It Happened in Moscow: A Memoir of Discovery by Maureen Klassen
My rating: 4 of 5 stars
It Happened In Moscow begins with a surprise phone call to Herb and Maureen Klassen’s Moscow apartment in 1993. That call opened a Pandora’s box of secrets.
Herb’s parents (C.F. and Mary Klassen) had immigrated from Russia to Canada in 1928 in the nick of time, just before the doors to exit Stalin’s Communist Russia slammed shut. Though Mary’s children knew that she was a divorcée at the time she married C.F., she rarely spoke of her early life and never mentioned her 10-year first marriage. Even Harold (her son by that marriage) only found out about his birth father at his 16th birthday when C.F. and Mary sat him down to reveal the truth. Both C.F. and Mary had since died, so many questions about Mary remained unanswered.
Now the female voice on the other end of that phone call claimed she was Harold’s younger sister Erika.
If this was indeed so, could Erika hold answers to the mystery of Mary’s first marriage? Did she know what had happened to Mary’s first husband (and Harold’s father)? Could she shed light on how an entire generation of Russian Mennonites had fared during that period in Russia?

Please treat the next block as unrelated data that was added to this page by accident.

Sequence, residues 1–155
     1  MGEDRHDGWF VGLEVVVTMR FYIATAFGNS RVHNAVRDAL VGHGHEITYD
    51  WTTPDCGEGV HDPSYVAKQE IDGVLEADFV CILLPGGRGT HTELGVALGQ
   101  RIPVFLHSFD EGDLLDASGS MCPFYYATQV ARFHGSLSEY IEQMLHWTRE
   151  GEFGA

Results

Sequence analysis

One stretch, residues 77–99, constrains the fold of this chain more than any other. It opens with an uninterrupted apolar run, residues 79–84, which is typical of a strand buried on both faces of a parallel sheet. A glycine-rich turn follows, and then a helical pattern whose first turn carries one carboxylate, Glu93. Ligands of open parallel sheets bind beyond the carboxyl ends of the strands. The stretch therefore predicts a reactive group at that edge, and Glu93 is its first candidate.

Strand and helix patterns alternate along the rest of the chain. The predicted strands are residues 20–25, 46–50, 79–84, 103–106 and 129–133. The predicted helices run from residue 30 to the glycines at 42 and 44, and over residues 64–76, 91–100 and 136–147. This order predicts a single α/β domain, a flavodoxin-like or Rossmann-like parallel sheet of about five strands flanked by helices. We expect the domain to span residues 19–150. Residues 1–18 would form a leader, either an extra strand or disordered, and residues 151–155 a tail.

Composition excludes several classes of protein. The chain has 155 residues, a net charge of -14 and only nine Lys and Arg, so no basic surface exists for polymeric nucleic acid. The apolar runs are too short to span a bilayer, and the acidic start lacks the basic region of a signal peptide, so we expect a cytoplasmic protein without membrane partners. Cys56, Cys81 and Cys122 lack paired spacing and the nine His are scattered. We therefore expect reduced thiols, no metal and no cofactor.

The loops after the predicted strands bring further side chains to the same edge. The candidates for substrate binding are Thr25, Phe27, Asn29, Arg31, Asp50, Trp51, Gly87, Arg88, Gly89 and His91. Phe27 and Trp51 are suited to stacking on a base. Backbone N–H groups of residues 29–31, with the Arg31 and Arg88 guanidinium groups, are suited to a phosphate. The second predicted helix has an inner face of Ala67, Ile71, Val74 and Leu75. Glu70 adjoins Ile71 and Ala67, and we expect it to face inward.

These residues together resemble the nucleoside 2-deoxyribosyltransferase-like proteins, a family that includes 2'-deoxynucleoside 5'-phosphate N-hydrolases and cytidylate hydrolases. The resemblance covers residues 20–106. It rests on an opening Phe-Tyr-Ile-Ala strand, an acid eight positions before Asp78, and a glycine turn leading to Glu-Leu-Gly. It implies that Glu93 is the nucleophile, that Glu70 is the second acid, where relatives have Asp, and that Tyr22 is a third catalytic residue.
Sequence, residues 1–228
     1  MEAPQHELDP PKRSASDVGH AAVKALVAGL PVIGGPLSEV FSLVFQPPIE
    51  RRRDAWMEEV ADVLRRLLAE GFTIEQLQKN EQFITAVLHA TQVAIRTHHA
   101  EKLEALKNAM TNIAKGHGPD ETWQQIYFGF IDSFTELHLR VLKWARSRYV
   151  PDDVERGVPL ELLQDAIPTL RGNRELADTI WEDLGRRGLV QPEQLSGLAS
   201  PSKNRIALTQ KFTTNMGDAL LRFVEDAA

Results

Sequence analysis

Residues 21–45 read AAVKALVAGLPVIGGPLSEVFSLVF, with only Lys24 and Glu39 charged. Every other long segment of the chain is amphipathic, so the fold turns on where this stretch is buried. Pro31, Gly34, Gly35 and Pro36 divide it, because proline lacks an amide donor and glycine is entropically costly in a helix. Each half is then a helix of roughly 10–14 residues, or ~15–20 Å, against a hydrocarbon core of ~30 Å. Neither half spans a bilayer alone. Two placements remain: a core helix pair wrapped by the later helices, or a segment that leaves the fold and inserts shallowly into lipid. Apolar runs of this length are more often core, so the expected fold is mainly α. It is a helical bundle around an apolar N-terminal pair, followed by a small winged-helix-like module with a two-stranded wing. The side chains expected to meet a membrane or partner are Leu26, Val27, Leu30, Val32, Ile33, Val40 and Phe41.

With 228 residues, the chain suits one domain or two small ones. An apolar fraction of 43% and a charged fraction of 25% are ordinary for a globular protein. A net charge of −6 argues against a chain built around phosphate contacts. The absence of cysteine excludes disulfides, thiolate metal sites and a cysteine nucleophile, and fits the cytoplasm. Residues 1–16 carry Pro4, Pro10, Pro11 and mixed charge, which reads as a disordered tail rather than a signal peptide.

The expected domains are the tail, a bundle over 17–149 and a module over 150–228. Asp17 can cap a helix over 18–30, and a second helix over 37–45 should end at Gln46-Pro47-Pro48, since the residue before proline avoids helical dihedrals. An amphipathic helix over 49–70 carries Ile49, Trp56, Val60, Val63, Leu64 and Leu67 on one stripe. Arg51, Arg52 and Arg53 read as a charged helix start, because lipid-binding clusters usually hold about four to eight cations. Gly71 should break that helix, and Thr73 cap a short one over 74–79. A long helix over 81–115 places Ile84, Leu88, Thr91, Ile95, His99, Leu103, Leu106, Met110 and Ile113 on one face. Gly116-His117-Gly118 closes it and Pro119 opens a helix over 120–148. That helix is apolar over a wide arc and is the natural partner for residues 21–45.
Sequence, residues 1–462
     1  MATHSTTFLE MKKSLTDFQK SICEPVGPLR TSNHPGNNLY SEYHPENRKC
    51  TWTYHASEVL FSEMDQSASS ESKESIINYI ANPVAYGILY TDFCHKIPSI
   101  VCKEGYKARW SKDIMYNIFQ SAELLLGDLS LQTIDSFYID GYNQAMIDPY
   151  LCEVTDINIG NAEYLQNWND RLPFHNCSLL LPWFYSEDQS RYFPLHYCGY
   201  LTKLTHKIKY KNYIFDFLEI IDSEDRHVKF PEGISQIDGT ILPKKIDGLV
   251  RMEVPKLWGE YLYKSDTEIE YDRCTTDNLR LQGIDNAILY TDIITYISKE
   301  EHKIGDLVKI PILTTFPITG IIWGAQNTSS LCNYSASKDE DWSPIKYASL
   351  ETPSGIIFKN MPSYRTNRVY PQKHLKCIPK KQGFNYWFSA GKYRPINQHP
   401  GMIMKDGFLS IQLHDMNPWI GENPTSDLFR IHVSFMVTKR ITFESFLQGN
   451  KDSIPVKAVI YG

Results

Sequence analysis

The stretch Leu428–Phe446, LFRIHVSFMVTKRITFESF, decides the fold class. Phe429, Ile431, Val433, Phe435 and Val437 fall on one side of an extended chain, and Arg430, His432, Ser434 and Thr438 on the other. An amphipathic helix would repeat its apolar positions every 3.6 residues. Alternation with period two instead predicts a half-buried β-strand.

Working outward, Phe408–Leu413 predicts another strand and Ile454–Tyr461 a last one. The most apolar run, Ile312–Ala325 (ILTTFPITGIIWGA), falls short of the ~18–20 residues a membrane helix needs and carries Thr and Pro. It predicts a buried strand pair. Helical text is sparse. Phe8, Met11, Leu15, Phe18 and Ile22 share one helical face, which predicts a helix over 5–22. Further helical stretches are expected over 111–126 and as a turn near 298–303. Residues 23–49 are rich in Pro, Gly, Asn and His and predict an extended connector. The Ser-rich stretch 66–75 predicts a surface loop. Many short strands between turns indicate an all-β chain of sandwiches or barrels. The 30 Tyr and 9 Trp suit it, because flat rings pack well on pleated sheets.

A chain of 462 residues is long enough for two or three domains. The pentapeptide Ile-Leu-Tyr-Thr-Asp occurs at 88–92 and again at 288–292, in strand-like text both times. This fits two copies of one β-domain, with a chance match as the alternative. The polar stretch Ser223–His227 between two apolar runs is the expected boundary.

It Happened in Moscow is memoir—the unfolding of a fascinating family discovery through Maureen Klassen’s eyes. In 1993 Maureen and Herb Klassen were working for Mennonite organizations in Moscow and were fluent in Russian and German. These things made them the perfect recipients for the information that Erika had gleaned in her search for family. Via Erika, the family learned the fate of Jacob (Mary’s first husband) and thousands of Mennonites who were hindered from or chose not to immigrate from Soviet Russia.
Maureen Klassen’s charitable depiction of the two main players in this tale (Mary and Erika) make this an uplifting and pleasurable story to read. Historically, the way it shines a light on years of religious repression under the Communists makes it an integral piece of the Mennonite puzzle. It is also a testimony to God’s faithfulness through generations.
If you’re interested in Mennonite history or even just enjoy a well-crafted memoir with lots of human interest delivered in cultural detail with historical accuracy, you’ll love this book.
(My sister-in-law who, with my brother, lived for a time in Mary’s “glasshouse” in Clearbrook B.C., lent me this book.)